The April 23 Pacific Palisades Community Council newsletter noted that the Highlands Eldercare Project Lawsuit had been denied by a Superior Court judge. “The petition for writ of mandate brought by the Pacific Palisades Residents Association, challenging decisions of the City and Coastal Commission, was denied by Los Angeles Superior Court Judge John A. Torribio on April 21, 2020.”
Circling the News asked PPRA President Sarah Conner for comment and learned that neither the PPRA nor its lawyers Tom Donovan and John Murdock had been informed of the ruling.
Murdock told CTN in an April 24 email, “The court issued its order to the prevailing party (the city) with instructions for that party to give notice to all other parties of record.”
Since the Community Council is not a party of record, CTN emailed PPCC President David Card on April 24 for an explanation why it had received the information before the PPRA Attorneys. Card said, “It was publicly available to all in the Superior Court file online.”
Conner said the PPRA was surprised because “The trial in the Palisades Eldercare case was halted on March 12 before the end of the oral arguments.”
At the trial on March 12, during PPRA’s oral argument, Judge Torribio stated:
“This whole thing has kind of changed from what I originally wrote — I may give another tentative and bring you back, because I’m thinking this has really changed a lot. It’s changed substantially more than what I normally see. That’s what I’m inclined to do….I’m just talking about after today’s hearing I am going to redo everything, and I think I’ll set it for — because it changed. First of all, I didn’t give a tentative. Secondly, even on the CEQA stuff and the plan interpretation, it’s changed substantially…” [Pg. 64 – Transcript of Proceedings]
Conner said that PPRA’s attorneys were not allowed to complete their arguments before the trial was halted. They were not even allowed to rebut arguments stated by the City’s counsel shortly before the Court terminated the proceedings and that PPRA did not rest its case.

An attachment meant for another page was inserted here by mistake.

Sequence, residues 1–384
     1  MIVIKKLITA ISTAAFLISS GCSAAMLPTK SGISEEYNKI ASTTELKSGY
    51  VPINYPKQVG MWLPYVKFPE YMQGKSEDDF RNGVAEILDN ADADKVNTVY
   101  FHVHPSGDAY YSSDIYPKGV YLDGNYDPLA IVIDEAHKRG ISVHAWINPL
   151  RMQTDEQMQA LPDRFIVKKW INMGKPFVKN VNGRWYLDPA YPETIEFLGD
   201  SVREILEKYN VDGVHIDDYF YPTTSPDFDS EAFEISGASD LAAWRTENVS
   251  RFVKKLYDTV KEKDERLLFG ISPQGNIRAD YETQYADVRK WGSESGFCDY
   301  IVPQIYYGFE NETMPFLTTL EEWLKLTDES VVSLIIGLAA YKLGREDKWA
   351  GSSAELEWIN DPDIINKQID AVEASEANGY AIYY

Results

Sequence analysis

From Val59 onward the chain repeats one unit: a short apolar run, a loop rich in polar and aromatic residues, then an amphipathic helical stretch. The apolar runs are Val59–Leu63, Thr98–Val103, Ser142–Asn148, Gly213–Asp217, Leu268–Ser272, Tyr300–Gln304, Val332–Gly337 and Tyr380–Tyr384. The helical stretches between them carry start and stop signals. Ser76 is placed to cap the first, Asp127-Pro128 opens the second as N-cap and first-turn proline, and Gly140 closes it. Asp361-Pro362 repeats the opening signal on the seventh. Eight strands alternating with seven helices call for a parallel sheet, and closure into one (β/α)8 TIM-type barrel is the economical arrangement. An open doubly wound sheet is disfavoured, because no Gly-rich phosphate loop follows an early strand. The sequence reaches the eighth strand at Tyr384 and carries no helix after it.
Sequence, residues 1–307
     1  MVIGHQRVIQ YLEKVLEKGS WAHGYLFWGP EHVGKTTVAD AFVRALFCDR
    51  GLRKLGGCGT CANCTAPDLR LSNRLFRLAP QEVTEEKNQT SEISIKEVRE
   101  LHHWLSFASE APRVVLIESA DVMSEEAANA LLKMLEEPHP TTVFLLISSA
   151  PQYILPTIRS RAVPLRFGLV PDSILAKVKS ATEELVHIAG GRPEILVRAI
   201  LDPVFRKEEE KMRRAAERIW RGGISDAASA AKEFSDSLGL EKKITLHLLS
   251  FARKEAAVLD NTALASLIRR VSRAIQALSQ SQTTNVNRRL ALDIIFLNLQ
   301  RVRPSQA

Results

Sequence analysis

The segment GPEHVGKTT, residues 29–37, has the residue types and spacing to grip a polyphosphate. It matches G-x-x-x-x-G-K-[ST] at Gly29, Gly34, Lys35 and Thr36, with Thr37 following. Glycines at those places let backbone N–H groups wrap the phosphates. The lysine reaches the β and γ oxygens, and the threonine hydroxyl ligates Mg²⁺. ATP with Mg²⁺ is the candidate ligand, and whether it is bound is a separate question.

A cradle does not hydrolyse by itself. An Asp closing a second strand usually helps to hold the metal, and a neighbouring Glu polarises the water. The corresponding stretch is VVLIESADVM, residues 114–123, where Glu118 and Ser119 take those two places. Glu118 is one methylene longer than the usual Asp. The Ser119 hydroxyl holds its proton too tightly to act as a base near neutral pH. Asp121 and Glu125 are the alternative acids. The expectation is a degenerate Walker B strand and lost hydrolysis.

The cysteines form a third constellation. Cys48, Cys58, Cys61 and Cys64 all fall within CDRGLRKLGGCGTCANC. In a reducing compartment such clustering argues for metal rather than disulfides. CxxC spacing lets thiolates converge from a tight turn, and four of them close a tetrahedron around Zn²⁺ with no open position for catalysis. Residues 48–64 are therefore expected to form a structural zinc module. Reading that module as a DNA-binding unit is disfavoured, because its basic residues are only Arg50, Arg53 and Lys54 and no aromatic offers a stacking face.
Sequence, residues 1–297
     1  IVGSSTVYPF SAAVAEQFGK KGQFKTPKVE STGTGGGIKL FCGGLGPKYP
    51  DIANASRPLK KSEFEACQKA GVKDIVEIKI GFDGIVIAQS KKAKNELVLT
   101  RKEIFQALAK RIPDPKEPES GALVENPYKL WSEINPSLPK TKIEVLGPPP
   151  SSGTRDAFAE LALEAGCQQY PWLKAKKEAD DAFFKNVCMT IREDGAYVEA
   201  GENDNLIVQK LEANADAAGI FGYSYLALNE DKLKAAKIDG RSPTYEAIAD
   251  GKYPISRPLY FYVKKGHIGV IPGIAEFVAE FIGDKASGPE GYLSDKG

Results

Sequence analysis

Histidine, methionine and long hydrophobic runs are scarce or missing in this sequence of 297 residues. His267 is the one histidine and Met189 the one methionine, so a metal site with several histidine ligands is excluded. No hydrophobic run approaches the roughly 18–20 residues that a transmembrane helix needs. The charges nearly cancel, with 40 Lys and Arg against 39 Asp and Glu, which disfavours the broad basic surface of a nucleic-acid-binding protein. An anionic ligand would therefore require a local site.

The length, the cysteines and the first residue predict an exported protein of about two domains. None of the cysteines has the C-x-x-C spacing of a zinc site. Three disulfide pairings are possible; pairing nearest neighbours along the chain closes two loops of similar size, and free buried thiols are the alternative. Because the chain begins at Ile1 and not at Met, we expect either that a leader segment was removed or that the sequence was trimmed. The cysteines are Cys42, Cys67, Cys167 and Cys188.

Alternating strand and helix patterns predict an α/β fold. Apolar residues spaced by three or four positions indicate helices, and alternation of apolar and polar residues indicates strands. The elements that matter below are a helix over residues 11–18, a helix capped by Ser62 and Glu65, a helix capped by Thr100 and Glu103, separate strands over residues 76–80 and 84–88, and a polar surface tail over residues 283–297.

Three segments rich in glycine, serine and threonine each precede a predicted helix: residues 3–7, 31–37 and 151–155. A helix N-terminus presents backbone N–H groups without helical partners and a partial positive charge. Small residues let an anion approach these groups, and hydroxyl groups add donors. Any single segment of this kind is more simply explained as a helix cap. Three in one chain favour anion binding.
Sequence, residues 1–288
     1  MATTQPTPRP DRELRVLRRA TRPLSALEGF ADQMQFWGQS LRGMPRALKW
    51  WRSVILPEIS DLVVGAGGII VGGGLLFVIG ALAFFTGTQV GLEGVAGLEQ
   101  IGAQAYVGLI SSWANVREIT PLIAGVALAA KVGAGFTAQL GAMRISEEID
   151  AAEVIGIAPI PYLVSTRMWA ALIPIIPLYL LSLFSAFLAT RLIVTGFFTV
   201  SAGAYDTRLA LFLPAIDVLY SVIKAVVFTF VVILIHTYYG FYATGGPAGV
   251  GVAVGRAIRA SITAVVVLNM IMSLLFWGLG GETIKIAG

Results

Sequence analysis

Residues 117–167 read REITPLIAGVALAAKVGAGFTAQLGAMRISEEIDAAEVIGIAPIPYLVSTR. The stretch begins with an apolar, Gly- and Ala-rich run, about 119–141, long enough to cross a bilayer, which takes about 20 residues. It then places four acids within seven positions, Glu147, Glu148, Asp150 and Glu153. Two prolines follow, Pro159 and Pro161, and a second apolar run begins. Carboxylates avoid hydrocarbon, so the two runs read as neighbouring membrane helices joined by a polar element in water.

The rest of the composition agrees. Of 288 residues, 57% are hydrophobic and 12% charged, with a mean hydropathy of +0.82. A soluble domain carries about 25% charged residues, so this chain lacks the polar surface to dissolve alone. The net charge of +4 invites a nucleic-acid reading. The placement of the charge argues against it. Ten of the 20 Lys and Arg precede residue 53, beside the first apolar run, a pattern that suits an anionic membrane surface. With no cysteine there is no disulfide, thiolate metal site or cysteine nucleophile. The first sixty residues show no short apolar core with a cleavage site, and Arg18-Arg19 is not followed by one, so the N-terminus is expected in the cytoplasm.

The parties and their counsel understood that the Court would issue a new tentative ruling and a new trial date would be set. Then the parties would return for further argument. Due to the pandemic crisis the court never gave PPRA notice of a new trial date.
“PPRA believes the trial was never completed,” Conner said. “Since the court has apparently decided not to allow PPRA the opportunity to present the full case—even though the court found significant issues with the project–PPRA will consider all its options including pursuing a more measured decision at the appellate level.”
The legal briefs from PPRA make it clear this is not about building an eldercare facility in the Palisades Highlands at 1525 Palisades Drive, but rather about the City not following its own Codes about allowable size of the proposed building and about other aspects of the project.
L.A. City Planning had approved the Palisades Highlands eldercare facility proposed by developer Rony Shram, but on April 18, 2019, the morning the project went before the West L.A. Planning Commission on appeal, emails showed that Associate Zoning Administrator Henry Chu had discovered that the project was too big per code [it exceeds sq. footage by 10,793 sq. ft.*].
To keep the larger size, the City and Shram now argue that the eldercare facility will be a combination of residential and commercial uses.
At the trial, the City for the first time ever characterized the eldercare facility as a “mixed-use project” and emphatically stated that the project would include a “Bistro” that would be open to the public in order for Los Angeles Municipal Code Section 12.22.A.18(c)(3) to apply.
That section states, “No yard requirements shall apply to the residential portions of buildings located on lots in the CR, C1, C1.5, C2, C4, and C5 Zones used for combined commercial and residential uses, if such portions are used exclusively for residential uses, abut a street, private street or alley, and the first floor of such buildings at ground level is used for commercial uses or for access to the residential portions of such buildings.”
But PPRA points out that the proposed building has residential rooms on the first floor that make the City’s and Mr. Shram’s argument invalid, according to a long-standing legal interpretation in the City’s own Zoning Manual.
Additionally, PPRA argues that the project was improperly granted a Class 32 exemption from CEQA because it incorrectly defines an “infill site.”